Scholarship placements for agricultural emissions scientists have doubled

Scholarships have been announced for 57 early-career agricultural emissions scientists from 20 developing countries.  They are another example of New Zealand’s international leadership in primary sector sustainability, says Agriculture Minister Damien O’Connor.

Hundreds of applications were received for this fourth round of the CLIFF-GRADS programme (Climate, Food and Farming Global Research Alliance Development Scholarships), Mr O’Connor said.  Nearly twice as many scholarships were awarded as in the previous round.

The Minister said:

“The growing interest from GRA member countries and host research institutions is impressive, and shows the high regard for this programme among the global climate science community.

“Supporting these international study programmes is one of many ways New Zealand is contributing to addressing agricultural emissions. Doing so will provide us with key knowledge to help farmers in New Zealand and in other countries to farm more sustainably.” 

New Zealand provides core funding for CLIFF-GRADS as part of its ongoing support of the Global Research Alliance on Agricultural Greenhouse Gases (GRA).

CLIFF-GRADS scholarship recipients often face a number of constraints to conducting their research in their home countries. This round includes two placements at New Zealand’s Massey University.

“This and other GRA programmes are actively boosting scientific capability in regions where that expertise is limited, by giving them access to technical expertise and equipment they would not otherwise have. These Alumni will go on to have a global impact on agricultural emissions management and contribute to addressing climate issues,” says Mr O’Connor.

“Their research and the connections formed will aid the transition to lower emissions primary production in developing countries, as well as in New Zealand, and we are proud to be providing leadership and support to those efforts. I see this also as an investment in our own sustainable future – the best farmers for the world.

“As part of Budget 2020, I have made a renewed commitment of $34 million over the next four years to continue support of the GRA and its objective to grow more food without growing greenhouse gas emissions.”

Mr O’Connor acknowledged the support of GRA members and partner organisations for providing opportunities for the students. ,

The 57 students, from 20 developing countries, will be hosted at 34 internationally renowned research institutions in 23 host countries, for six months. Their research topics include rumen microbiology, rice production, soil emissions, and pasture management, among others.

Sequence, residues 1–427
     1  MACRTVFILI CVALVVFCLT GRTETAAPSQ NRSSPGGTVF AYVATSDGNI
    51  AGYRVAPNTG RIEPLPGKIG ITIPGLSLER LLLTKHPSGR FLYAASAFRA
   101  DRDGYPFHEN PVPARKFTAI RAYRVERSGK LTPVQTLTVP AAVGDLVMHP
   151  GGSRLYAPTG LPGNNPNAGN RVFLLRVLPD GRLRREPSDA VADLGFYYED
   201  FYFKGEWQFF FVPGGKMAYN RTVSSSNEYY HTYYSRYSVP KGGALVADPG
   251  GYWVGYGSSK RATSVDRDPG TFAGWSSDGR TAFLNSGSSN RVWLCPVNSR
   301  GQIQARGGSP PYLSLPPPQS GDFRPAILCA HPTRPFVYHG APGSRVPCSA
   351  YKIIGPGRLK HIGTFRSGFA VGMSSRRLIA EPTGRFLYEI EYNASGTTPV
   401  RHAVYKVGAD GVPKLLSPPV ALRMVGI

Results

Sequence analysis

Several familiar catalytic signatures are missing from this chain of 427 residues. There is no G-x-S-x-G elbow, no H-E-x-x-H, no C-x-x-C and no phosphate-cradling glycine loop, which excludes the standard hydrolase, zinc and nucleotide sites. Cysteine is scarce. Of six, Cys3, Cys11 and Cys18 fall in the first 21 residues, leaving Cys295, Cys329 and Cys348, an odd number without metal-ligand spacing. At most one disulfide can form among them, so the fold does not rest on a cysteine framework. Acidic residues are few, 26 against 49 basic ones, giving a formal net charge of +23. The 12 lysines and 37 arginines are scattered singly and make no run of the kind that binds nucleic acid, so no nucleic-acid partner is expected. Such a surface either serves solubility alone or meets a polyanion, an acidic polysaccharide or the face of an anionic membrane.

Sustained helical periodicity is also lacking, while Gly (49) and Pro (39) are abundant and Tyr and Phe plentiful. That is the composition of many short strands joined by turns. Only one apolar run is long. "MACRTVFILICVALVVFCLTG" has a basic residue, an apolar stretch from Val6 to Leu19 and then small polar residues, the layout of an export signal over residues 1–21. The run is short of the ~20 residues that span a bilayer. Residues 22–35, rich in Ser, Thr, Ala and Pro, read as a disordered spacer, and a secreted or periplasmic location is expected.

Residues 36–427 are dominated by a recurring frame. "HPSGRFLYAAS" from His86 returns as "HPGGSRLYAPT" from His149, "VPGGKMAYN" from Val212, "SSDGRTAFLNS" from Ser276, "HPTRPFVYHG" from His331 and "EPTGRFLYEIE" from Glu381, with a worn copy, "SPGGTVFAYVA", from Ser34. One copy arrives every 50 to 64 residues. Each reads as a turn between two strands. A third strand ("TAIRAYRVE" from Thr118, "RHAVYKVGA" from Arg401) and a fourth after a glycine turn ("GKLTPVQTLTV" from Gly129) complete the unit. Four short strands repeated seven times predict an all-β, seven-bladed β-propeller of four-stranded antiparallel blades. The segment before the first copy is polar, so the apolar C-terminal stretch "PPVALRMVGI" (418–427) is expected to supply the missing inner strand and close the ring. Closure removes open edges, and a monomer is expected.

Massey University will host one scholarship recipient from Argentina and one from Cameroon, both completing doctorates related to nitrous oxide emission management. They will take part in a project assessing nitrous oxide emissions and nitrate leaching in pasture soils modified with the addition of woodchips.

CLIFF-GRADS is one of a suite of capability building programmes funded by New Zealand in support of the GRA objectives. New Zealand has funded more than 165 scholarships for research on agricultural emission management, across a range of programmes in support of the GRA.

Other programmes include:

  • LEARN, an awards scheme supporting technical staff and scientists from developing countries to work alongside New Zealand colleagues to share knowledge on livestock greenhouse gas emissions measurement, modelling and mitigation practices to increase the level of scientific skills and technological capabilities internationally.
  • NZ-GRADS, a PhD scholarship available to students from developing countries to study at a New Zealand research institute.
  • RUFORUM, a new collaborative platform of African Universities which provides scholarships to Masters students interested in studying greenhouse gases from agriculture.

New Zealand is a founding member of the GRA, now comprising 62 member countries from all regions of the world.

CLIFF-GRADS is a joint initiative between the Global Research Alliance on Agricultural Greenhouse Gases (GRA) – in which New Zealand has a leading role – and the Climate Change, Agriculture and Food Security (CCAFS)  programme of the Consultative Group on International Agriculture Research (CGIAR).

Source:  Minister of Agriculture

Author: Bob Edlin

Editor of AgScience Magazine and Editor of the AgScience Blog

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